Previous determination of cages in a 6x6 difficult. (Oriented to beginners / medium players)
This is the 6x6 “difficult” (solver rating 44.3) (saturday May 19, 2012). Though many puzzlers have solved it, the idea of opening this post is to show a different point of view on the analysis that can decrease the time for the solution and can avoid many “trial and error” (TAE). The main idea is determining the “0” cages arithmetically. We will solve this puzzle in three steps:
First: We define which will be the cages (the only possible combinations) (graphic 1).
Second: We assign the combinations found to the proper positions in the grid (Graphic 2).
Third: We easily complete the rest of the puzzle (Graphic 3).
In order to better understand the first step we must remind that, in a 6x6, always, the numbers in the inner area (the 4x4 inner box) are the corners plus twice the numbers 1 thru 6; it’s an easy demonstration, very intuitive, which is anyway explained in the post “Why in a 4x4 numbers in corners are those in inner area (2)” in the section “Solving strategies and tips”. (Comment: This rule is valid for puzzles of any size, i.e., in a 7x7, the 25 numbers in the inner area would be the corners plus thrice the numbers 1 thru 7, ... ).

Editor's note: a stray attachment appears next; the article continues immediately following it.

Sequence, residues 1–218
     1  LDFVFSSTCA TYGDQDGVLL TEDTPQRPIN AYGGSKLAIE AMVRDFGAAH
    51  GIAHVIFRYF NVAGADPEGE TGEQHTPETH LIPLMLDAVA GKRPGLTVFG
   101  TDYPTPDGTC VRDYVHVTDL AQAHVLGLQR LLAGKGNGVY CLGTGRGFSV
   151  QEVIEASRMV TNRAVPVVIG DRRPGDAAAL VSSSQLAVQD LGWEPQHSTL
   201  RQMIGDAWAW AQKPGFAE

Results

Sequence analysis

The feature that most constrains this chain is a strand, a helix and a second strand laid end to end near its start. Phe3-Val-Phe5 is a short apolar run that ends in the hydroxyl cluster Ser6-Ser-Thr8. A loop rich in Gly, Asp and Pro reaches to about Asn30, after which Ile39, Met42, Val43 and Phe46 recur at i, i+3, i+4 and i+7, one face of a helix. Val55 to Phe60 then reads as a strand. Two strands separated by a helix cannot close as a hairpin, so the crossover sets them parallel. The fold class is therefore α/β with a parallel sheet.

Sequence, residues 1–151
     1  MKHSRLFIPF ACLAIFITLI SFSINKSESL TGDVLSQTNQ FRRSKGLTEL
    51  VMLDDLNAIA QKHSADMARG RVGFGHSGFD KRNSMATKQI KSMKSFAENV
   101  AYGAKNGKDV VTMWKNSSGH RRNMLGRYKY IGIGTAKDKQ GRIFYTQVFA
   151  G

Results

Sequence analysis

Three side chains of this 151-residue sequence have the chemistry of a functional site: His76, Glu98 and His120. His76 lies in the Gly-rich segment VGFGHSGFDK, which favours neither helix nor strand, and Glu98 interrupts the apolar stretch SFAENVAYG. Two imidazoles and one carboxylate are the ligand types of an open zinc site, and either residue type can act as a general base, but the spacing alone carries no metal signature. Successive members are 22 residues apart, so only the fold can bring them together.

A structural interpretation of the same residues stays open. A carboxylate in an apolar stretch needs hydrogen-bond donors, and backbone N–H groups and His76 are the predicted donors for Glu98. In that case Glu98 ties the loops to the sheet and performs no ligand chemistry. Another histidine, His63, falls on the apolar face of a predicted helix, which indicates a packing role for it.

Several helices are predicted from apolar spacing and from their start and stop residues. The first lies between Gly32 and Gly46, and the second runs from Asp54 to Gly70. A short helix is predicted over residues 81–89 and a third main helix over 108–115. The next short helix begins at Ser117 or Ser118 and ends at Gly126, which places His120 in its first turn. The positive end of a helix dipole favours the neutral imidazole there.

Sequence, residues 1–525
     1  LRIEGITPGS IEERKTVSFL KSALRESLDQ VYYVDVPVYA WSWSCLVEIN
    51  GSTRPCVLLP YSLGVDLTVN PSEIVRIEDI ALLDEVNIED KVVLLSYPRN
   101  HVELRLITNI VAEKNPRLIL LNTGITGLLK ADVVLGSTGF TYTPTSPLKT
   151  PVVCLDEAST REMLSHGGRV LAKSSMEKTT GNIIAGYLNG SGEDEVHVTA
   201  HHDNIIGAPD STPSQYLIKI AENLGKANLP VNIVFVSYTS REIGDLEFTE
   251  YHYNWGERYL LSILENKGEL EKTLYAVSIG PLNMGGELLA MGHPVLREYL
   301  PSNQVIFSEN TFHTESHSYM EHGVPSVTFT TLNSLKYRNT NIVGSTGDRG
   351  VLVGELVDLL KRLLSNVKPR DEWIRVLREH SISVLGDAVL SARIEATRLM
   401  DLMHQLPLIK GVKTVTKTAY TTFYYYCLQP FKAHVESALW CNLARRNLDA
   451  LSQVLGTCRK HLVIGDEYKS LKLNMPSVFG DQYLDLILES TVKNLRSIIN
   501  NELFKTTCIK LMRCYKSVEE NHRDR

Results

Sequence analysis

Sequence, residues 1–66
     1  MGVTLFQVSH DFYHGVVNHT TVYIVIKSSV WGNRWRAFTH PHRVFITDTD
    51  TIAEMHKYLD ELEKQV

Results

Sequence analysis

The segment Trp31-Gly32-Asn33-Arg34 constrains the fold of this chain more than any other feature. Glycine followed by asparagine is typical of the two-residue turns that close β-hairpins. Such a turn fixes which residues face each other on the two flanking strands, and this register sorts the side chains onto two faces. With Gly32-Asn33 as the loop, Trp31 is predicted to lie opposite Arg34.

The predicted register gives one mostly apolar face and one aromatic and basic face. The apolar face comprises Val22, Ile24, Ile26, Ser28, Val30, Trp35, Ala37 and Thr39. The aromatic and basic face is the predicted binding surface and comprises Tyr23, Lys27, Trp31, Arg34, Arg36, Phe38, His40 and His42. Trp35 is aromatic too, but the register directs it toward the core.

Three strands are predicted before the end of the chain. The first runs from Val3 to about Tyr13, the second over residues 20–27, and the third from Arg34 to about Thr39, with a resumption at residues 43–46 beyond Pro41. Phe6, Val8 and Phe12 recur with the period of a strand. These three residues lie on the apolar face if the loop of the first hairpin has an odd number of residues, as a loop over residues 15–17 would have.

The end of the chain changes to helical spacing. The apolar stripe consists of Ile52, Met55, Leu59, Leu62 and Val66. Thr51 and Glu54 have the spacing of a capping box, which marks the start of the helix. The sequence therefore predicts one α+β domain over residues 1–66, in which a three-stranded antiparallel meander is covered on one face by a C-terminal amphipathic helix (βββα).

Graphic 2: If we assign [6,4,2] to s3 >>> b6 = 6. Now, since the columns b and c must sum 42, being s1 = [5,3,2] (and consequently c2 = 2), we are left with a sum of 7 for the three cells in gray colour and that’s impossible, what means that [5,3,2] must go to s3 and [6,4,2] to s1.
Graphic 3: We complete the puzzle. We start (since [5,3,2] goes to s3) with d5 = 3 >>> e4e5 = [2,5] then e6 = 6, e1 = 4 >>> d6 = 4, d1 = 5. Additionally d5 = 3 >>> b4 = 3 >>> c1 = 3 >>> b1 = 1 >>> c5 = 1 >>> b5 = 4 >>> c2 = 4. The rest of numbers in blue colour are very easy to follow. And finally we place the numbers in brown colour.
The “official solution”: